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Free Content Diarrhoea, vomiting and the role of milk consumption: perceived and identified risk in Bamako (Mali)

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Abstract:

Summary Objectives 

To evaluate the public health impact of milk contamination in Bamako, Mali. Methods 

A case–control study assessed the risk-factors for food-borne toxi-infections with diarrhoea and vomiting as main clinical picture. A total of 131 schoolchildren between 5 and 20 years of age were interviewed by trained interviewers in schools in Bamako. A structured questionnaire was used to record health problems, food and particularly milk consumption habits and socio-economic indicators. Results 

Final multivariate logistic regression analysis identified regular consumption of boiled milk [odds ratio(OR) = 4.38; 95% CI = 1.15–16.71], age between 5 and 10 years (OR vs. age group 11–15 years = 3.28; 95% CI = 1.09–9.85) and the existence of dry latrines in the household (OR = 7.65; 95% CI = 1.92–30.55) as risk factors for diarrhoea and vomiting. Other milk products and the socio-economic level of the household were not significantly associated with the outcome. Many people were unaware of the potential risks of milk consumption. Conclusions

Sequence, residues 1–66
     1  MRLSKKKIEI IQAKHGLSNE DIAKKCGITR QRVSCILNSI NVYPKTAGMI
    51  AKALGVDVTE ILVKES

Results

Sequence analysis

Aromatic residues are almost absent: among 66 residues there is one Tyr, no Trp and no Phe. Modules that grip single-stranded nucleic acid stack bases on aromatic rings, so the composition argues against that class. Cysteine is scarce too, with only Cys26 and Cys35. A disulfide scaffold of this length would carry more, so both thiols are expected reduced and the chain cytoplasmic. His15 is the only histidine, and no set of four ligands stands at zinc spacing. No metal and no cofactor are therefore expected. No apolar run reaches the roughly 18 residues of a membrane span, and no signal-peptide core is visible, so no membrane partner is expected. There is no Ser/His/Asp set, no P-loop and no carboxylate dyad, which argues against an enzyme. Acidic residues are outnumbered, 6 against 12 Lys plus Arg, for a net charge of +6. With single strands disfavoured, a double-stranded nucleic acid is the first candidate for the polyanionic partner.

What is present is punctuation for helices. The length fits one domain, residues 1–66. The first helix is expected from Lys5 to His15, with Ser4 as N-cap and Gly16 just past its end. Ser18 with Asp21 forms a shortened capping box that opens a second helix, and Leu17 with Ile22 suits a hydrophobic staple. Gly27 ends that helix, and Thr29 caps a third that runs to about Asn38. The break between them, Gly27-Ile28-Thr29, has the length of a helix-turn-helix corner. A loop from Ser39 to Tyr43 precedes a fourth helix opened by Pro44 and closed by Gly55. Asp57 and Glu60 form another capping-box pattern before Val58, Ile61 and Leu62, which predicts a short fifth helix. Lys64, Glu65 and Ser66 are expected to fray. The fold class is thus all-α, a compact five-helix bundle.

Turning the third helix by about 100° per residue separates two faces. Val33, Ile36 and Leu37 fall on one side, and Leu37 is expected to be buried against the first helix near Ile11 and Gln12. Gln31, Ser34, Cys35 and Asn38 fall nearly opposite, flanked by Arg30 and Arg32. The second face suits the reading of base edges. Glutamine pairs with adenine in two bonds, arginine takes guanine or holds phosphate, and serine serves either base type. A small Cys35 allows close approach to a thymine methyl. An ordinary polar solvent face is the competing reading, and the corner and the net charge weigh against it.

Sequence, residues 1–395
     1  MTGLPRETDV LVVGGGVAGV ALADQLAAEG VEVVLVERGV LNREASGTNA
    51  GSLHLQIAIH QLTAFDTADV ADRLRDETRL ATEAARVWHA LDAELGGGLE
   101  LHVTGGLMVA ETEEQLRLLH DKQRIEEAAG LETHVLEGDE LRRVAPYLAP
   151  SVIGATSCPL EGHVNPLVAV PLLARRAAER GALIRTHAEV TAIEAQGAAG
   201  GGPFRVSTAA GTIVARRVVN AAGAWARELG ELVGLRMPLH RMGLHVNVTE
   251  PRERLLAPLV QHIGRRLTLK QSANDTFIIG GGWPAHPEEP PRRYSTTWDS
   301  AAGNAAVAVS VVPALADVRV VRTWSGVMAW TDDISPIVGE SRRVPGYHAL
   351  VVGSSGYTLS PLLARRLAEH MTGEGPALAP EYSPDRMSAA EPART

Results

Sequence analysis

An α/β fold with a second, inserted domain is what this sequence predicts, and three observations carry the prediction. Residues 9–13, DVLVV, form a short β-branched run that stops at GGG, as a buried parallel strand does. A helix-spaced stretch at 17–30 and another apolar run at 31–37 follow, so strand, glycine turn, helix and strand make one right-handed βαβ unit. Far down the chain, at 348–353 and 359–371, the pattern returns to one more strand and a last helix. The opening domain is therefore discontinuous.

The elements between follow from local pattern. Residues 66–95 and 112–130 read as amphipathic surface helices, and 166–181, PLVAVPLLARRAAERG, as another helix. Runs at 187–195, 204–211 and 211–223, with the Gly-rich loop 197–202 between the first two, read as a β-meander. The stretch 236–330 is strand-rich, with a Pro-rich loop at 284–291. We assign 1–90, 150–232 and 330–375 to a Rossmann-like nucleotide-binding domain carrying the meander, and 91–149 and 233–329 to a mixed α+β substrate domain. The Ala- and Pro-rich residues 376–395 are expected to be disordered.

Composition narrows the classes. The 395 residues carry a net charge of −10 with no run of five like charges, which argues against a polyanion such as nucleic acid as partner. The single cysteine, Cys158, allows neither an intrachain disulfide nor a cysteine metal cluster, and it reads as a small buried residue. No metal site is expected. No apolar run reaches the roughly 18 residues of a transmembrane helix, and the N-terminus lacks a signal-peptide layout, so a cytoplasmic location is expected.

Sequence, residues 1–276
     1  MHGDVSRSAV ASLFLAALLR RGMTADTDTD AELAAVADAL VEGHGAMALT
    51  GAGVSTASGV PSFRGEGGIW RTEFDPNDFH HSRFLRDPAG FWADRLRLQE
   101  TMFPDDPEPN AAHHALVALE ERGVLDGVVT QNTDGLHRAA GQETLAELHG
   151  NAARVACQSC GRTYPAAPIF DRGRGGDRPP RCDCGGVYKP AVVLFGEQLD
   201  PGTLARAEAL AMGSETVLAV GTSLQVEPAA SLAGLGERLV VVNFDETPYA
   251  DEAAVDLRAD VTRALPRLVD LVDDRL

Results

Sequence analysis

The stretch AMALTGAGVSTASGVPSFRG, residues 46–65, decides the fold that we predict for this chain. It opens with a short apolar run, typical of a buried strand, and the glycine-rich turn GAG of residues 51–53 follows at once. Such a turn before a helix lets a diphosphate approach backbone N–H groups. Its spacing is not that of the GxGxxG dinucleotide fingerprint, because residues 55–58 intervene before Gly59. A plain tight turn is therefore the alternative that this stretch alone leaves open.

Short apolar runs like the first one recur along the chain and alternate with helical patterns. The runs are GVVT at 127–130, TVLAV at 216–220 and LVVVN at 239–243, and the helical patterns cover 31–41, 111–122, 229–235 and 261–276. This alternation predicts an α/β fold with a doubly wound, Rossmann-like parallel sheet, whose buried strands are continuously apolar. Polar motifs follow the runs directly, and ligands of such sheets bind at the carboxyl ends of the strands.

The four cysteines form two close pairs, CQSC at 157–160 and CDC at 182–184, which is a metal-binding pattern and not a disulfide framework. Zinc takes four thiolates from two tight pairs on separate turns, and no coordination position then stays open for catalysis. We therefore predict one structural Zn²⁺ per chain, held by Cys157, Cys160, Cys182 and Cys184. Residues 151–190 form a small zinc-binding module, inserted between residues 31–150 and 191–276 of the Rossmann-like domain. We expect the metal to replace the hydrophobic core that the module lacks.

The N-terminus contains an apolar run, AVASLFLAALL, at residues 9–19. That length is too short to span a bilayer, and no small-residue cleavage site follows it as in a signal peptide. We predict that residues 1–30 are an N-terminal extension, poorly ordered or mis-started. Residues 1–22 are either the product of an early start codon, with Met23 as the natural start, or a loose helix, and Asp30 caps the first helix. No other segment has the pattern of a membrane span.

Milk products may be a risk factor for food-borne toxi-infections. Attention has to be paid to products considered ‘safe’, such as boiled or pasteurized milk. The low awareness of potential risks of many people may increase the risk of milk consumption. To achieve a sustainable increase in local milk production in Africa, milk quantity and production and transformation quality should be improved simultaneously.

Keywords: Mali; Sahel; diarrhoea; food hygiene; milk; public health

Document Type: Research Article

DOI: https://doi.org/10.1111/j.1365-3156.2004.01306.x

Affiliations: 1: Swiss Tropical Institute, Basel, Switzerland 2: Institute of Food Science, Swiss Federal Institute of Technology, Zürich, Switzerland 3: Clinique ‘Dr Yamadou Sidibé’, Bamako, Mali 4: Laboratoire Central Vétérinaire, Bamako, Mali 5: Institut du Sahel, Bamako, Mali

Publication date: 2004-10-01

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